César A. Hidalgo

César A Hidalgo is ABC Career Development Professor at the MIT Media Lab.

  • How Humans Judge Machines

    César A. Hidalgo, Diana Orghiain, Jordi Albo Canals, Filipa de Almeida, and Natalia Martin

    How people judge humans and machines differently, in scenarios involving natural disasters, labor displacement, policing, privacy, algorithmic bias, and more.

    Do people perceive humans and machines equally? Or do we show systematic biases when judging machines? With dozens of original experiments, this book compares people's reactions of human and machine actions. Using scenarios involving physical harm, discrimination, offensive content, violations of privacy, and labor displacement, the authors show that—even in identical scenarios—people tend to judge human and machines differently: we judge humans by their intentions and machines by their outcomes.

    How Humans Judge Machines unpacks our biases in colorful experiments that make you think about your gut reactions. It is an invitation to revisit human righteousness in a world where we don't yet understand how we judge machines.

    Written by César A. Hidalgo, the author of Why Information Grows and coauthor of The Atlas of Economic Complexity (MIT Press), together with a team of social psychologists (Diana Orghian and Filipa de Almeida) and roboticists (Jordi Albo-Canals), How Humans Judge Machines presents a unique perspective on the nexus between artificial intelligence and society. Anyone interested in the future of AI ethics should explore the experiments and theories in How Humans Judge Machines.

    • Hardcover $35.00 £28.00
  • The Atlas of Economic Complexity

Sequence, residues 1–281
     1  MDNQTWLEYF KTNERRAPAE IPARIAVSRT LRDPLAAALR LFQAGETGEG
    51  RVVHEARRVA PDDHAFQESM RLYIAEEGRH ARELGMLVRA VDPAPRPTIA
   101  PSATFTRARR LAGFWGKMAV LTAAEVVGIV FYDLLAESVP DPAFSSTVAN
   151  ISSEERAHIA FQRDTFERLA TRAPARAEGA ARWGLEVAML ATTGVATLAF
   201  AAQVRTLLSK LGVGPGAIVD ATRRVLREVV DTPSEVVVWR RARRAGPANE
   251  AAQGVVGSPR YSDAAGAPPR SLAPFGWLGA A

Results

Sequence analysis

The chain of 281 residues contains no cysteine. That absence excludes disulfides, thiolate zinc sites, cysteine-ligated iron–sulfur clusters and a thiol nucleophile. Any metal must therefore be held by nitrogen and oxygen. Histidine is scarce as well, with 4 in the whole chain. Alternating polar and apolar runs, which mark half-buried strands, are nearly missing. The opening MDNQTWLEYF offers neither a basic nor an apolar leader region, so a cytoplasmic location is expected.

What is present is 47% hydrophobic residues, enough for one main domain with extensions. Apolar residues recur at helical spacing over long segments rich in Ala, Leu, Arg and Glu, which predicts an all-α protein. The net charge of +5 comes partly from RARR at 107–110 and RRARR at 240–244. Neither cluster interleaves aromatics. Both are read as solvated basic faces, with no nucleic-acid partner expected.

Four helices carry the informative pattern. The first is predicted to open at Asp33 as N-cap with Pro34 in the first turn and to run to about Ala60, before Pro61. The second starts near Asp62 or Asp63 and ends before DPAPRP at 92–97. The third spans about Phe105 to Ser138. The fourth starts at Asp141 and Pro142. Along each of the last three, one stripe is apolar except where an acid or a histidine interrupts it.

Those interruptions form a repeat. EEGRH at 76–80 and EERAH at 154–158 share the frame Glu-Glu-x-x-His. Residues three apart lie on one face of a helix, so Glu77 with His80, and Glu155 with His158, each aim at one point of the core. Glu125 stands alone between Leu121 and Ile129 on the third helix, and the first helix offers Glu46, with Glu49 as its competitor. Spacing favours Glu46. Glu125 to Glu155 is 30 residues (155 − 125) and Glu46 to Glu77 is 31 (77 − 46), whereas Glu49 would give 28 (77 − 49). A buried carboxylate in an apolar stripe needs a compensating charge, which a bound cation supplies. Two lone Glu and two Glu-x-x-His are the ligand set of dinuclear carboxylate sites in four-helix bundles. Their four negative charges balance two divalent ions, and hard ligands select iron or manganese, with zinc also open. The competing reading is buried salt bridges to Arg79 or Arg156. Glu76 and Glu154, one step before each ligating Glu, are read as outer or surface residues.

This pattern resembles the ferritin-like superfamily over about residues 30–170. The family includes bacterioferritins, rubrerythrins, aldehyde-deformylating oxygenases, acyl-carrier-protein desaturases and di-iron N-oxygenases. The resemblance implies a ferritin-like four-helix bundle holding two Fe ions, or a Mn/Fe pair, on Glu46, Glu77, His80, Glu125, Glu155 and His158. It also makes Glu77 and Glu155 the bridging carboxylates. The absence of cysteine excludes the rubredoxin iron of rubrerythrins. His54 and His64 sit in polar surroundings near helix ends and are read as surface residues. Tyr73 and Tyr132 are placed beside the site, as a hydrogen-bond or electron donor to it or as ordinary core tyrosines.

The Atlas of Economic Complexity

    Mapping Paths to Prosperity

    Ricardo Hausmann, César A. Hidalgo, Sebastián Bustos, Michele Coscia, Alexander Simoes, and Muhammed A. Yildirim

    Maps capture data expressing the economic complexity of countries from Albania to Zimbabwe, offering current economic measures and as well as a guide to achieving prosperity

    Why do some countries grow and others do not? The authors of The Atlas of Economic Complexity offer readers an explanation based on "Economic Complexity," a measure of a society's productive knowledge. Prosperous societies are those that have the knowledge to make a larger variety of more complex products. The Atlas of Economic Complexity attempts to measure the amount of productive knowledge countries hold and how they can move to accumulate more of it by making more complex products.

    Through the graphical representation of the "Product Space," the authors are able to identify each country's "adjacent possible," or potential new products, making it easier to find paths to economic diversification and growth. In addition, they argue that a country's economic complexity and its position in the product space are better predictors of economic growth than many other well-known development indicators, including measures of competitiveness, governance, finance, and schooling.

    Using innovative visualizations, the book locates each country in the product space, provides complexity and growth potential rankings for 128 countries, and offers individual country pages with detailed information about a country's current capabilities and its diversification options. The maps and visualizations included in the Atlas can be used to find more viable paths to greater productive knowledge and prosperity.

    • Paperback $65.00 £55.00